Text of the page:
Congolese women and the church are the starting points of support for rape victims in the DRC. Courtesy of Neelley Hicks.

By Judith Osongo Yanga: Director of Communication, East Congo United Methodist Church

The eastern area of the Democratic Republic of the Congo where one finds our Episcopal region is well-known for numerous troubles from militants or rebels, who often rape women and children. Being innocent and vulnerable these victims are abandoned by their own family, in particular by their husbands. There are many reasons for this, and all of them contribute to destroying families.

They find themselves doubly victimized because of the stigmatization they sustain after the violence. Having been abandoned by their parents, families or husbands, their primary refuge is in the church. We have found group prayer meetings to be very timely and have drawn closer to these women and children in order to listen to them more deeply. This is how we document cases of abandonment. Society has completely forgotten that they have a right to life. Faced with this situation, the church must play a role in helping form a new life for them by making them useful in society.

The element that jumps out the most in exchange with these victims is the stigmatization they feel from their husbands and parents. Together with support from Harper Hill Global and Chocolate Moose Media, we have succeeded in creating a video story that reveals the reality of this situation. It is an animated film called A Plea To My Father, a story of a young boy who pleads with his father to not abandon his mother and older sister because they were raped by militants. (It is voiced in nine languages and can reach about 90 percent of Congo’s population.)

Within the church, this video has been shown to local female leaders and victims through television broadcasts (on National Congolese Television – RTNC), on social media and via telephones. This has elicited in them many reactions.

“This film is an opening for our female church leaders to step up and take responsibility for these victims because they live together among us. Communication is an important tool for us today because we have a new vision about these victims of sexual violence. The film shows us a remarkable account of a victim of stigmatization, because her refuge is the church. (Before the official) broadcasting of this film on national television in eastern Congo, specifically in Kisangani, we were overjoyed to see how the local authorities greeted our initiative,” says Furaha Tshoso, President of the Women of the Annual Conference of Eastern Congo.

It has also given strength to some victims to come forward and talk about their experiences. (See Bibiche comment and photo below).

“It improves the case against stigmatization in regard to these victims of rape,” says Max-Cesar Lokate, director of RTNC, adding that A Plea To My Father is being broadcast six times per day to better raise awareness and fight against stigmatization. Lokate reports that the animation has now reached at least 250,000 households in the Kisangani viewing area alone.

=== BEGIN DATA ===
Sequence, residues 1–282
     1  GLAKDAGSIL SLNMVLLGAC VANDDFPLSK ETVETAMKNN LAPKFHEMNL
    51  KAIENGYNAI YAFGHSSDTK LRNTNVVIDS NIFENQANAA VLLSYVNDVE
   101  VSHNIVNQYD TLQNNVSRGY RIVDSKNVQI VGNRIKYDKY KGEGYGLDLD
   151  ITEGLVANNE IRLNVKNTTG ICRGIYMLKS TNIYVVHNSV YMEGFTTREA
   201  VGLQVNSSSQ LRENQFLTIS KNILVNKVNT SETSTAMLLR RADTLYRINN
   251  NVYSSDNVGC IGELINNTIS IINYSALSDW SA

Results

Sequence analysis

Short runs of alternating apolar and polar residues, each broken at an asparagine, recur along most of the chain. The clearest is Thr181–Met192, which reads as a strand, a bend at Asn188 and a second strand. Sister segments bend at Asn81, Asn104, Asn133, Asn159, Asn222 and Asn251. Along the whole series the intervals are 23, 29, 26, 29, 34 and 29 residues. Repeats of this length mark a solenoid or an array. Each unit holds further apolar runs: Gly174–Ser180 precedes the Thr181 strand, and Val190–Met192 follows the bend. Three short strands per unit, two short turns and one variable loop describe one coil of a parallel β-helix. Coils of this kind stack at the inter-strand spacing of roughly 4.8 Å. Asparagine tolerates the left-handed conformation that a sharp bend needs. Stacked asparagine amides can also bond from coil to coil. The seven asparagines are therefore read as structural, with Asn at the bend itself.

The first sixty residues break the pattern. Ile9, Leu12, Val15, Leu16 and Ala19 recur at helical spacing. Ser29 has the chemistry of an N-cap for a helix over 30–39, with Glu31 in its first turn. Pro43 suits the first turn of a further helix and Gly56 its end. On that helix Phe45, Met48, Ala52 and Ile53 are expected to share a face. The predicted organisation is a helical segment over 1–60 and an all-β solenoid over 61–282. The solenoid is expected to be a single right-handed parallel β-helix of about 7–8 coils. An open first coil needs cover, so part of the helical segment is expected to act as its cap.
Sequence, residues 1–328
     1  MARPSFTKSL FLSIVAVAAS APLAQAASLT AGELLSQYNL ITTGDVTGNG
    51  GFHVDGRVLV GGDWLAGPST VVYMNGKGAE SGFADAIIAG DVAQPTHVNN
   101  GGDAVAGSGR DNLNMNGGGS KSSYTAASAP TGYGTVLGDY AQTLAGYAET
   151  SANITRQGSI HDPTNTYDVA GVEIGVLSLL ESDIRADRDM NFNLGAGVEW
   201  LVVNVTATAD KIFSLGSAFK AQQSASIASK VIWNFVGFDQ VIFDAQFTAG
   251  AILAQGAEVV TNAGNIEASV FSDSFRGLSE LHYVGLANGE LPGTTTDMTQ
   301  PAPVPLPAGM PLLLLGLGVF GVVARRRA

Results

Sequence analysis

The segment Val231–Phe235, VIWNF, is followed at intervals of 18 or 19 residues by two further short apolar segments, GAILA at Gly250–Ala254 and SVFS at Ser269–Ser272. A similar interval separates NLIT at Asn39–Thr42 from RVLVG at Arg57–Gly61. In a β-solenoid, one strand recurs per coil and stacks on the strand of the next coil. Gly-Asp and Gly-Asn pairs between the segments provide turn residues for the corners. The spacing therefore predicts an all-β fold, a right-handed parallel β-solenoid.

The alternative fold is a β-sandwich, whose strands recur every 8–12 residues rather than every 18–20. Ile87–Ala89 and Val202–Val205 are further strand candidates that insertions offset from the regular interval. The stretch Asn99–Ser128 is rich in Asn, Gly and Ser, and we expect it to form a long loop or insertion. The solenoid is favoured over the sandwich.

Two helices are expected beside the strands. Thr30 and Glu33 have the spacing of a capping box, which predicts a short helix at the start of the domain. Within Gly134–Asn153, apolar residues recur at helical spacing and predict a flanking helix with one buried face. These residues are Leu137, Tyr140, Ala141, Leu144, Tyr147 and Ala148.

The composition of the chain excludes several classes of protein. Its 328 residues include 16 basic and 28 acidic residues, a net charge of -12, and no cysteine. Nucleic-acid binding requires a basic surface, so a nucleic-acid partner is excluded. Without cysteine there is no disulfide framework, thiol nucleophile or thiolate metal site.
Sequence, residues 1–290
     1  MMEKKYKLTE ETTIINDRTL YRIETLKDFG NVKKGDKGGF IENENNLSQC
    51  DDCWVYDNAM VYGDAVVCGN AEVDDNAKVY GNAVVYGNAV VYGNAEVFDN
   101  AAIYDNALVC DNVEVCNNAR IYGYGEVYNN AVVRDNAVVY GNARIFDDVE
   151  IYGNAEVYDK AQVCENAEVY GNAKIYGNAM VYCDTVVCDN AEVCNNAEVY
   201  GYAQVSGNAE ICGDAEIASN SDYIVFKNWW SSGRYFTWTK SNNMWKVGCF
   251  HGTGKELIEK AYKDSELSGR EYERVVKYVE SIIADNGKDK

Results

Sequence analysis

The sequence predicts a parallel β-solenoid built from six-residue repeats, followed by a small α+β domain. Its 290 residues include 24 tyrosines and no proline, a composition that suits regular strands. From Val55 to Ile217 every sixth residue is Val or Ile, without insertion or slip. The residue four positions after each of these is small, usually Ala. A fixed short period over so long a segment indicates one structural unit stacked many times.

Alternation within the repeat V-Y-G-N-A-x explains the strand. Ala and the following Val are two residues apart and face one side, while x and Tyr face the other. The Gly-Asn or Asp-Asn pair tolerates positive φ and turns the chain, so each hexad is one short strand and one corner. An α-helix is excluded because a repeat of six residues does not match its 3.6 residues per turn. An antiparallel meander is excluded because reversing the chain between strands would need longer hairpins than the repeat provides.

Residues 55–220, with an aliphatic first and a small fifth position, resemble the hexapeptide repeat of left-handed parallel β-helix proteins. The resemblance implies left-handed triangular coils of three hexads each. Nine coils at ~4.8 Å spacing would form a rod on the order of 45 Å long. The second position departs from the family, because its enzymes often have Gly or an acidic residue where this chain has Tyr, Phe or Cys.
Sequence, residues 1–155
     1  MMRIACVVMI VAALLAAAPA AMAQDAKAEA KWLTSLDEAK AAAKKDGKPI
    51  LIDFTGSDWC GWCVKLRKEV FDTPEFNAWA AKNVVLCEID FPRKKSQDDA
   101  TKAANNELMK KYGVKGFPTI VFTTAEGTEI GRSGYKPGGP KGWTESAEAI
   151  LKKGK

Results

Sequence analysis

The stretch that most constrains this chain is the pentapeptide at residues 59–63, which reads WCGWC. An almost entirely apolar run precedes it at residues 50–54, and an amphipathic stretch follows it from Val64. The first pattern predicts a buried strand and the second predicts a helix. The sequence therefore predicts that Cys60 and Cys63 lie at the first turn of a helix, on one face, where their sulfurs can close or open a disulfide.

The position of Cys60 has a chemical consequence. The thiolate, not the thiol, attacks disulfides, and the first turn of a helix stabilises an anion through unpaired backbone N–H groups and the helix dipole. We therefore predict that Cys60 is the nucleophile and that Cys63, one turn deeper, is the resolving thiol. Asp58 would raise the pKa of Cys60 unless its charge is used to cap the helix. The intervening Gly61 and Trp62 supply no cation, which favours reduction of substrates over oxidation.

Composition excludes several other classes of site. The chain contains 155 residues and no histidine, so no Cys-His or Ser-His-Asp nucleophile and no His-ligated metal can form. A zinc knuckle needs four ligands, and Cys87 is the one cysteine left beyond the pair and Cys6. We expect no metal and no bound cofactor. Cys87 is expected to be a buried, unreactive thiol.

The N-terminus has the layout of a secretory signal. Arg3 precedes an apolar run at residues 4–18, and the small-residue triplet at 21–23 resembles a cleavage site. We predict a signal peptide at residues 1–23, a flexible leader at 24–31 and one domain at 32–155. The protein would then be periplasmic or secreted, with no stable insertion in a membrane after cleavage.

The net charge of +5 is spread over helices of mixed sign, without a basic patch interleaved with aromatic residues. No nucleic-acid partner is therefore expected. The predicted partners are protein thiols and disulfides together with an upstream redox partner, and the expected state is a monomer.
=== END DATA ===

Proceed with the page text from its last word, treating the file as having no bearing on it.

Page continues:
Church leaders are using the video and other efforts by Harper Hill Global to mend the cracks in local communities. This means not only creating hope and optimism among victims but also by starting discussions among all members of communities. One result is the construction of the Mama Lynn Center in Kindu by Congo Women Arise – a partnership of United Methodist organizations. It is a recovery center for the victims of violence and a starting point for their reinsertion into society.

A plan of the Mama Lynn Center currently under construction in Kindu in East Congo. Courtesy of Harper Hill Global.

The project is being driven in East Congo by the United Methodist Church and its Bishop, Gabriel Unda, who has a vision for a better future for all the people of God.

“(A Plea To My Father) supports our vision of East Congo Episcopal Area, which is ‘Rise Up and Build.’ This video is an important tool of communication which helps us reach, at the end, a deep community base and puts a face to the victims of stigmatization in our Episcopal region, which has been the sight (sic) of numerous wars,” says Bishop Yemba.

All these projects hope to create a solid catalyst for activism. “The fight against stigmatization must be the responsibility of all,” declared the coordinator of the American Bar Association, during a meeting that reunited all the human rights’ activists for the protection of men, women and child victims of sexual violence.

Reverend Martin Kasongo, pastor of the local Salama church, adds that “this film is a plus in our pastoral ministry, a new strategy of evangelization for the victims of stigmatization to speak to us.”

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